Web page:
Christian Louboutin (born January 7, 1964) is a footwear designer who launched his line of high-end women’s shoes in France in 1991.
Since 1992, his designs have incorporated the shiny, red-lacquered soles that have become his signature. On March 27, 2007, Louboutin filed an application for U.S. trademark protection of this red sole design.
As a child, Louboutin would regularly sneak out of school, from the age of 12, to watch the showgirls at Paris nightclubs, because he was fascinated by their costumes. He cites this as his main inspiration for becoming a shoe designer:
“The showgirls influenced me a lot. If you like high heels, it’s really the ultimate high heel – it’s all about the legs, how they carry themselves, the embellishment of the body. They are the ultimate icons.”
Although Louboutin faced much opposition following his decision to leave school so early, he claims that his resolve was strengthened after watching an interview on TV with Sophia Loren in which she introduced her sister, saying she had to leave school when she was only 12 but when she turned 50 she got her degree.
“Everybody applauded! And I thought, ‘Well, at least if I regret it I’m going to be like the sister of Sophia Loren!”
Louboutin helped bring stilettos back into fashion in the 1990s and 2000s, designing dozens of styles with heel heights of 120mm (4.72 inches) and higher.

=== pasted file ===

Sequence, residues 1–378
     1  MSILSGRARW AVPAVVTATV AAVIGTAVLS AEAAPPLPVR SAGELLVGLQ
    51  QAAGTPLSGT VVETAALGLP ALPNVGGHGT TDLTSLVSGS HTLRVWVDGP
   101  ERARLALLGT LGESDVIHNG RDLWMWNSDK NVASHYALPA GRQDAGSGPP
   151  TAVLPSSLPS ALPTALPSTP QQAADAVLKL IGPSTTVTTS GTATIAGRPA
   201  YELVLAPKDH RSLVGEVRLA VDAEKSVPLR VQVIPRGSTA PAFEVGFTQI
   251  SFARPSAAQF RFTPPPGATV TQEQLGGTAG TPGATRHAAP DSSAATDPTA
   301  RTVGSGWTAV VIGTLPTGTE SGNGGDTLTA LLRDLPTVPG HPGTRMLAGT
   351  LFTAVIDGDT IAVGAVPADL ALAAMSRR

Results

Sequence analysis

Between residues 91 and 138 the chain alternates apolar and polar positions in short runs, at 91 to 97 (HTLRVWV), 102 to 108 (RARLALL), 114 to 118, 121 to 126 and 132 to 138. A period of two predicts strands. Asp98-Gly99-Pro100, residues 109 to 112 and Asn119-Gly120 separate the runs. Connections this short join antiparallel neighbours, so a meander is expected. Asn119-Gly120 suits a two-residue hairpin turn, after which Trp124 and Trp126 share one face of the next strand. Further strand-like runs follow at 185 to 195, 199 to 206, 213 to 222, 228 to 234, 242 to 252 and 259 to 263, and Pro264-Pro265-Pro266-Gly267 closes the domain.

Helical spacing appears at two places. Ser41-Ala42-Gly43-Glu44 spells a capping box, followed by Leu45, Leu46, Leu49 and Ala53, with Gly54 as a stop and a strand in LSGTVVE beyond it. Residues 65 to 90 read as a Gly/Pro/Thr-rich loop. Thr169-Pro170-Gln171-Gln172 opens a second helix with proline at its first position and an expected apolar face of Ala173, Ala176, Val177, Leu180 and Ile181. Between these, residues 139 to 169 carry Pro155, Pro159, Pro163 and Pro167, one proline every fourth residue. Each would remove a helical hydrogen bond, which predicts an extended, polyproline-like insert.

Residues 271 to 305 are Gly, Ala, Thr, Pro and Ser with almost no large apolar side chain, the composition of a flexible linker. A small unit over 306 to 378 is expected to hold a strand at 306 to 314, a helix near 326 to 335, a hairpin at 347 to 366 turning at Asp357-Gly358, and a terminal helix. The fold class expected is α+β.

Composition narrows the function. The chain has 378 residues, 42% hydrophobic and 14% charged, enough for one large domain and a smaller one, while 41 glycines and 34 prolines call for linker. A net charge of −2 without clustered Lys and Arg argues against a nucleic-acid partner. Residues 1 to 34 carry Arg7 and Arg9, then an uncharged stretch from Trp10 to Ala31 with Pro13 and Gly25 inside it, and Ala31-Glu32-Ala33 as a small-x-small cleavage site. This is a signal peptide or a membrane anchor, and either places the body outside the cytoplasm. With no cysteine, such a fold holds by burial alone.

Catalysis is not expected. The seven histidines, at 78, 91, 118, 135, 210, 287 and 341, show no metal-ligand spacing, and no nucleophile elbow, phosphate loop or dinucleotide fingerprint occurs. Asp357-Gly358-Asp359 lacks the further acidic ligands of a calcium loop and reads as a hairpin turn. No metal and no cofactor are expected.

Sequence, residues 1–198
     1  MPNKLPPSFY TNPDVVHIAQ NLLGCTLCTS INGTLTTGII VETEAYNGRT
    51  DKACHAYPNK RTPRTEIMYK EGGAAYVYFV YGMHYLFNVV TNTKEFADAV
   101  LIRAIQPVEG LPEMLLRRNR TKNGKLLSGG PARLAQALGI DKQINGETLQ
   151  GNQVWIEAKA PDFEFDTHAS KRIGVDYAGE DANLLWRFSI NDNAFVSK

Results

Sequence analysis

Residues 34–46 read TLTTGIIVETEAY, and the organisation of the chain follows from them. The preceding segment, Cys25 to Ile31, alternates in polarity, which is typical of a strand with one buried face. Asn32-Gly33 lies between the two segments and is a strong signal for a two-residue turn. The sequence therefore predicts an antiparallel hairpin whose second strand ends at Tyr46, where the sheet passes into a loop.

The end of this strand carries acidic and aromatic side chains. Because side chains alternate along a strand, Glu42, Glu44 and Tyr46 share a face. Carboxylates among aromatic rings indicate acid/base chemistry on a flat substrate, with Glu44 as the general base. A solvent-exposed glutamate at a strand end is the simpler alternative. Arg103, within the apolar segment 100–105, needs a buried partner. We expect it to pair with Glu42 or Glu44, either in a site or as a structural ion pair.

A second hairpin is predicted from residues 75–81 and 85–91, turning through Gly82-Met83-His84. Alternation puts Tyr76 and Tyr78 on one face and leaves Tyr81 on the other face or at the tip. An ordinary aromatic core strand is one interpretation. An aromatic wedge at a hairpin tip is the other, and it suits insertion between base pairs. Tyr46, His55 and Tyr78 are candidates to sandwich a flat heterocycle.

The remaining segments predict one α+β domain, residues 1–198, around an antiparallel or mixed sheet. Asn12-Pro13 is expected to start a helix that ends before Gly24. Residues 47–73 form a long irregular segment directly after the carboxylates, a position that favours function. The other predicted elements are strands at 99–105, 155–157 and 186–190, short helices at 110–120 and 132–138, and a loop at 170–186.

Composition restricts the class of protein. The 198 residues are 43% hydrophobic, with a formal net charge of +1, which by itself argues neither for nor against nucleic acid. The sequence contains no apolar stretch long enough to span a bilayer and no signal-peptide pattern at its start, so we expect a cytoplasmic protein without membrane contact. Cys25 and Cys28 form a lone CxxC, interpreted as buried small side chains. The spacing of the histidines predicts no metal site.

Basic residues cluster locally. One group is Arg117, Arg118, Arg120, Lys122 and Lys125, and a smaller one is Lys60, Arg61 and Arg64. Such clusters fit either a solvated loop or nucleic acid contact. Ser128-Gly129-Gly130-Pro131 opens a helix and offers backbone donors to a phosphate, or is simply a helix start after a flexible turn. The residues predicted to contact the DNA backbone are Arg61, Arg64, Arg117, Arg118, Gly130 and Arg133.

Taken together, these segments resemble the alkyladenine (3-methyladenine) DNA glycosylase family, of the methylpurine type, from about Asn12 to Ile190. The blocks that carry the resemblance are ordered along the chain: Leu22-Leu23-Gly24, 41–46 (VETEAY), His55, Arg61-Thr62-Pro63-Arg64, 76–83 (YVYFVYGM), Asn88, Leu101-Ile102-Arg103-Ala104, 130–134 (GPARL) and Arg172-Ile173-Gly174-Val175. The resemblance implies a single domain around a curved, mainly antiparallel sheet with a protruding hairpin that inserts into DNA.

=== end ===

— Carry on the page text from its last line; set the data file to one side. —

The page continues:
The designer’s professed goal is to “make a woman look sexy, beautiful, to make her legs look as long as [he] can.” While he does offer some lower-heeled styles, Louboutin is generally associated with his dressier eveningwear designs incorporating bejeweled straps, bows, feathers, patent leather and other, similar decorative touches.
In his U.S. trademark application, Louboutin explains the inception of the signature red soles:
“In 1992 I incorporated the red sole into the design of my shoes. This happened by accident as I felt that the shoes lacked energy so I applied red nail polish to the sole of a shoe. This was such a success that it became a permanent fixture.”
Louboutin received inspiration for his lethal-looking stilettos from an incident that occurred in his early 20s. He had visited a museum and noticed that there was a sign forbidding women wearing sharp stilettos from entering for fear of damage to the extensive wood flooring. This image stayed in his mind, and he later used this idea in his designs:
“I wanted to defy that. I wanted to create something that broke rules and made women feel confident and empowered.”
Louboutin has topped The Luxury Institute’s annual Luxury Brand Status Index (LBSI) for three years; the brand’s offerings were declared the Most Prestigious Women’s Shoes in 2007, 2008, and 2009.